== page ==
This article is by Glen Hartman, global managing director of digital consulting at Accenture Interactive.
It’s a given that companies are being driven largely by information technology in today’s age of big data, analytics and digital and mobility breakthroughs. So why is it that CIOs, the corporate executives responsible for delivering that technology, and CMOs, the executives who are often one of the primary beneficiaries of that technology, just can’t seem to collaborate?
For starters, a new survey by Accenture Interactive, The CMO-CIO Disconnect, shows that most CMOs (64 percent) believe that CIOs place marketing IT at the bottom of their priority list. With projections indicating that marketing executives will likely spend even more on IT and analytics than their technology counterparts in the years ahead, this has to be particularly unsettling to any CMO who shares such a point of view.
Nearly half (46 percent) of the CIOs surveyed, on the other hand, believe that marketing does not provide them with an adequate level of business requirements, which ostensibly inhibits them from providing marketing with the IT support it requires.
Both marketing and IT executives know they have their work cut out for them – 90 percent, in fact, believe they need to become more collaborative. Until this becomes a reality, however, the biggest loser may very well be the customer. When technology is put to its best and most effective use, it provides marketers with the consumer insights and intelligence they need – in real time, nowadays – to create and deliver the products and services customers want.
Yet while CMOs say that gaining customer insight is their primary motivation for collaborating with IT, CIOs rank it 10th on their list of reasons to collaborate. Improving the customer experience impacts the bottom line, and big organizations must determine how to close the big gap in trust that obviously exists between marketing and IT in order to make that happen. Today’s multichannel consumer demands highly relevant experiences, and with digital and analytics platforms emerging to help companies respond, marketing and IT executives must work more closely together to be successful.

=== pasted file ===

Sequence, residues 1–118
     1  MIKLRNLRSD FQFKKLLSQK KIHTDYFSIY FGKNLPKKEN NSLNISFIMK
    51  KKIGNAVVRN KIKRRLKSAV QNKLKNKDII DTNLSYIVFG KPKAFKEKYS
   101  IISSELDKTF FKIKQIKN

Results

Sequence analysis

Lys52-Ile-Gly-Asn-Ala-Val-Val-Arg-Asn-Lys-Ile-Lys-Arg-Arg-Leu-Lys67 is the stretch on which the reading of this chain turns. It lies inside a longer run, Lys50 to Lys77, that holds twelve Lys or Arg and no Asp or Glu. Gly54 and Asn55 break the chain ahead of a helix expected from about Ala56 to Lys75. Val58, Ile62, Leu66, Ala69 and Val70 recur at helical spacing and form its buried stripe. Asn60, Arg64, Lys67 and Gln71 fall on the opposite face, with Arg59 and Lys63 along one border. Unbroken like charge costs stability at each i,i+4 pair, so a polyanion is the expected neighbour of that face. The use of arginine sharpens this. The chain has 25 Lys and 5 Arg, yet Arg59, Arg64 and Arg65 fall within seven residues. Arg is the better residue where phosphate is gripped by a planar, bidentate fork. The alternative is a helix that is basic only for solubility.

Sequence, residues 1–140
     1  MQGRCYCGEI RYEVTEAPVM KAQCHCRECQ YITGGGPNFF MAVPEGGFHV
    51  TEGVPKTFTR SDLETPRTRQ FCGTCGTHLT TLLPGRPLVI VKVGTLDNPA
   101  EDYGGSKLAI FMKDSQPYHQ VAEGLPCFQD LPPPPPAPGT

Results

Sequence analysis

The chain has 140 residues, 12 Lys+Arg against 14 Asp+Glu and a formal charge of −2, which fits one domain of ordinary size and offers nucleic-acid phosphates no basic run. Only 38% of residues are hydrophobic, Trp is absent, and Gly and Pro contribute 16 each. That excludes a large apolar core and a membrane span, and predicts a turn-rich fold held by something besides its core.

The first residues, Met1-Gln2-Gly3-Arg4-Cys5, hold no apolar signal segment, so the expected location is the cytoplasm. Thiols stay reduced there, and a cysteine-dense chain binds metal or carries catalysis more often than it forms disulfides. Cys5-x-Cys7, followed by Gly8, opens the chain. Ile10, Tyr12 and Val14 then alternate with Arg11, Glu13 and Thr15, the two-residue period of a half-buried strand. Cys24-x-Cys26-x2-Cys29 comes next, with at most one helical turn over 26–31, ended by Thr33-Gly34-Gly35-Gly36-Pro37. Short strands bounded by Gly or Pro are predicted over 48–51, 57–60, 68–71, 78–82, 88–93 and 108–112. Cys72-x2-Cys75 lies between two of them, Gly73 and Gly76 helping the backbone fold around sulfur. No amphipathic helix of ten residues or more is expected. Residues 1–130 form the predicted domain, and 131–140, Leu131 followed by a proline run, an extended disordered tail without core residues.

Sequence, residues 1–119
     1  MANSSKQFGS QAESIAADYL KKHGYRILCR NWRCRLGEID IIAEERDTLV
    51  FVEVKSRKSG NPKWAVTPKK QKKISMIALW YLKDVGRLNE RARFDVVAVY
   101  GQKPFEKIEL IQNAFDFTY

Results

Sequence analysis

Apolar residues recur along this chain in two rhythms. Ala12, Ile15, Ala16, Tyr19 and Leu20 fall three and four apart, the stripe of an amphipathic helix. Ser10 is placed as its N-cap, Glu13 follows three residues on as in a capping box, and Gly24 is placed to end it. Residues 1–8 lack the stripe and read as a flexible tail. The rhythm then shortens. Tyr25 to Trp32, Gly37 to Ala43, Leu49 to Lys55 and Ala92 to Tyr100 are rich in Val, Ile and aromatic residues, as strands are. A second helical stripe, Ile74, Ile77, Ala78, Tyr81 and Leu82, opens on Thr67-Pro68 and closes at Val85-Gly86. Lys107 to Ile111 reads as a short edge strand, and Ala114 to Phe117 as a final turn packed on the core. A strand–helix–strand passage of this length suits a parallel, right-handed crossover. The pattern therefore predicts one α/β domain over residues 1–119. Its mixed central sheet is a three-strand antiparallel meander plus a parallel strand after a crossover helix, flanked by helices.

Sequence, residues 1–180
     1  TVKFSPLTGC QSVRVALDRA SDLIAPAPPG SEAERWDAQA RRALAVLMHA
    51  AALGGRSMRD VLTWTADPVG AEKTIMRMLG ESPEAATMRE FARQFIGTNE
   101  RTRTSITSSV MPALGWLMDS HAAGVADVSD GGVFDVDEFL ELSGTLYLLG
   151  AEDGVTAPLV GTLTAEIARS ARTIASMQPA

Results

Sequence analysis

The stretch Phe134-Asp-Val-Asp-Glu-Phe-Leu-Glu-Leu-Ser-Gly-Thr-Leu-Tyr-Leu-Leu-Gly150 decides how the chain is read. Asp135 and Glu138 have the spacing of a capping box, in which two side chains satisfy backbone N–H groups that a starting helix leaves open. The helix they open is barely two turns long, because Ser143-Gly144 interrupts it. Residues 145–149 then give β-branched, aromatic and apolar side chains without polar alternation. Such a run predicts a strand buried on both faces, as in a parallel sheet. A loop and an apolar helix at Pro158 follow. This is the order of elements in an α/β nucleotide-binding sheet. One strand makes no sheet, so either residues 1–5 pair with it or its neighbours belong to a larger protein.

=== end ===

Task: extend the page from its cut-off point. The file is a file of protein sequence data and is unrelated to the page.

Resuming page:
Despite their ongoing differences, both CMOs and CIOs believe their relationship has improved over the past year – 45 percent of marketing executives and 47 percent of IT executives share this opinion. If CMO-CIO relationships are, in fact, improving, it may be the ideal time to take some steps to strengthen the collaboration further.
A good way to start would be to focus on creating a shift in mindset when considering the roles of the CMO and the CIO and their organizations in today’s rapidly changing marketplace. For instance, the CMO should be looked at as a Chief Experience Officer, rather than the person responsible for branding, advertising and number-crunching. After all, the CMO is ultimately responsible for designing and driving a customer experience that is consistently first rate at every customer touch point within the company. At the same time, the CIO must be viewed as a strategic partner to the top marketing executive and not just the chief technology platform provider.
Organizations also need to update the skills mix in both their marketing and IT operations so marketing practitioners can become more tech savvy and people in the IT organization become more agile and responsive to market demands. Additionally, both the marketing and IT organizations should agree on key business levers and embrace tools, processes and platforms to understand consumer intent and unlock consumer value.
Taking the necessary steps to strengthen marketing’s and IT’s ability to agree on how technology can be most appropriately applied to drive their company’s specific marketing needs can only help a business. When results such as increased brand affinity, loyalty and sales growth are only a few of the benefits that can be incurred, not only will the CMO and CIO benefit, all members of the C-suite–and most important, the consumer–will win.